The Fight Continues: World AIDS Day 2022

Infection Control TodayInfection Control Today, January/February 2023, (Vol. 27, No. 1)
Volume 27
Issue 1

Infection Control Today® observes the 34th annual World AIDS Day by speaking to Ambassador Deborah Birx, MD, and looking back at what has been done and what the world still needs to do to fight HIV/AIDS.

HIV under a microscope

HIV under a microscope.

(Adobe Stock)

Today, December 1st is World AIDS (acquired immunodeficiency syndrome) Day. This year’s theme for World AIDS Day is “Putting Ourselves to the Test: Achieving Equity to End HIV.” World AIDS Day has been observed since 1988 to remember those lost to AIDS-related illness and to continue to fight to end the human immunodeficiency virus (HIV) epidemic. Globally, there are currently 37.7 million people living with HIV/AIDS. While there has been significant progression in prevention and treatment, HIV continues to be a public health concern. According to the Centers for Disease Control and Prevention (CDC), HIV is largely an urban disease affecting metropolitan areas with 500,000 or more people in the United States. Today, thousands of individuals and organizations around the world are working together to raise awareness surround HIV/AIDS and increase efforts in the development of prevention, treatment, and care.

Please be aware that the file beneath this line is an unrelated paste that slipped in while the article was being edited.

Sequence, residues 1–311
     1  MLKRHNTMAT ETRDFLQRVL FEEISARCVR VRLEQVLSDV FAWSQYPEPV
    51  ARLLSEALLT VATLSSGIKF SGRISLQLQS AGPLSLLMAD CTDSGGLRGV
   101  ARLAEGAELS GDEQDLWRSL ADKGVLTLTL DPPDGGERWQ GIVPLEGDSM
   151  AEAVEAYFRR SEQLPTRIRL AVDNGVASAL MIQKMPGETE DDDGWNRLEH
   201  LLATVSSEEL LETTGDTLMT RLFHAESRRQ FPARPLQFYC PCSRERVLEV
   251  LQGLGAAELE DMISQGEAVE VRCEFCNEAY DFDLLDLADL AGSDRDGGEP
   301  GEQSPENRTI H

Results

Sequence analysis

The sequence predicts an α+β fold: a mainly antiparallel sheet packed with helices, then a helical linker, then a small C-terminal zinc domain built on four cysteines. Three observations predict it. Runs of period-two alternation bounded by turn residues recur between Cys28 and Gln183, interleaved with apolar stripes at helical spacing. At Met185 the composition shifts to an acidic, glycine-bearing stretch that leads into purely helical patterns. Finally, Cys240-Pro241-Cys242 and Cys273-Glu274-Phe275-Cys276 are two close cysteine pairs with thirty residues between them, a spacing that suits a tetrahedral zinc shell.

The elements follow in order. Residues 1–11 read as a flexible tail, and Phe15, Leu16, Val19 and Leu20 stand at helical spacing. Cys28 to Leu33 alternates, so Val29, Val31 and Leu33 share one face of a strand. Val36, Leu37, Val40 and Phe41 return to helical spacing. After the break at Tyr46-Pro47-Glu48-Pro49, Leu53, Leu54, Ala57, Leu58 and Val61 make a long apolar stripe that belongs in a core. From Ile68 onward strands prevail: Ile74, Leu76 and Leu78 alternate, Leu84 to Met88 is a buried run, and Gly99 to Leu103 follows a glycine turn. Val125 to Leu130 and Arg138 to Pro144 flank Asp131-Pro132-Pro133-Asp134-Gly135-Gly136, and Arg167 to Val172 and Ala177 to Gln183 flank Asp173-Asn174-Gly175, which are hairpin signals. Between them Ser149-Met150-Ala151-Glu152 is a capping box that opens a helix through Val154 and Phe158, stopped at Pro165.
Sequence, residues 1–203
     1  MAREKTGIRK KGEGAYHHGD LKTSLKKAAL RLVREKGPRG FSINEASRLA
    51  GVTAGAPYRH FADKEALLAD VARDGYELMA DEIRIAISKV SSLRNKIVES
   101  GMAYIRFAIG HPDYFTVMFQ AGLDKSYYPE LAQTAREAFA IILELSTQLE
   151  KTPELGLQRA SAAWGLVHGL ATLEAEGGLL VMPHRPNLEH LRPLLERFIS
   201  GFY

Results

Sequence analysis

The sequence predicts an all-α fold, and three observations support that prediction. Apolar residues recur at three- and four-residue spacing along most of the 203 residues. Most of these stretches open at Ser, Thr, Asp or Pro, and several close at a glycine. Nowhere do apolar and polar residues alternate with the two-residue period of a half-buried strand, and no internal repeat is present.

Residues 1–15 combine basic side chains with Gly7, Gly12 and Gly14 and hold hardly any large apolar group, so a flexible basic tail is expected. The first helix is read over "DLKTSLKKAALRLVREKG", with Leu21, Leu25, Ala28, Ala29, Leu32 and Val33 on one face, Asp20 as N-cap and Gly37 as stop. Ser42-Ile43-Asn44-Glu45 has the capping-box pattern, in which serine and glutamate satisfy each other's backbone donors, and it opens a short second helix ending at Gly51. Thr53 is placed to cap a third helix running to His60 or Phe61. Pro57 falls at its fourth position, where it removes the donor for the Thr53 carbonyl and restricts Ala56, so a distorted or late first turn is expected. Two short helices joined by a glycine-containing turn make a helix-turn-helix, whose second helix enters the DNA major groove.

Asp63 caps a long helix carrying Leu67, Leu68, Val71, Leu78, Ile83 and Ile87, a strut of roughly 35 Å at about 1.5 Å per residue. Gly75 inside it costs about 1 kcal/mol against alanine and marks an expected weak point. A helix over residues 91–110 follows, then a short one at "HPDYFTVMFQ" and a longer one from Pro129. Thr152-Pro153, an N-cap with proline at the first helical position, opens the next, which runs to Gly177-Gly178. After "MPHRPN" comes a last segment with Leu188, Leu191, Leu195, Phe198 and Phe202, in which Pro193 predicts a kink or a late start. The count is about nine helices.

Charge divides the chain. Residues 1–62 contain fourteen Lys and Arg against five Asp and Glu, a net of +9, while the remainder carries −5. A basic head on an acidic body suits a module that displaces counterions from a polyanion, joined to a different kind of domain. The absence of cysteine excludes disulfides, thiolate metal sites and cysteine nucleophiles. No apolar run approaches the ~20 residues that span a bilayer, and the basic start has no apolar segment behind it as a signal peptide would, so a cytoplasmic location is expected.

Infection Control Today® (ICT®) reached out to Ambassador Deborah Birx, MD, to get her input on this 34th observance. Birx is a world-renowned medical expert and leader whose long career has focused on HIV/AIDS immunology, clinical and basic immunology, infectious disease, pandemic preparedness, vaccine research, and global health. Birx served the United States as an Army Colonel and later, running some of the most high-profile and influential programs at the US CDC and US Department of State.

Birx has special insight in HIV/AIDs. In 2014, Birx oversaw the implementation of the President’s Emergency Plan for AIDS Relief (PEPFAR) program and served as the United States global AIDS coordinator for presidents Barack Obama and Donald Trump until 2020. She also served as the United States special representative for global health diplomacy from 2015 to 2021. Today, she joins us in celebrating World AIDS Day 2022.

Ambassador Deborah Birx, MD, speaks to Infection Control Today.®

Ambassador Deborah Birx, MD, speaks to Infection Control Today.®

Dr. Birx told ICT®, “World AIDS Day reminds us how we have worked together around the globe to change the course of the HIV/AIDS pandemic. We have learned the critical role of community. Misinformation and disinformation are battled by being on the ground. Meeting, listening, and dialoguing with community members from all walks of life. Not dismissing. Not blaming, but by investing in peer counselors and peer outreach and peer service delivery. We need to apply these same lessons to develop an effective response to COVID-19, so everyone can survive and thrive. Use today’s tools to control our current pandemics, and then we will be ready for the next pandemic.”

The WHO (World Health Organization) has several calls to action for World AIDS Day 2022. They include: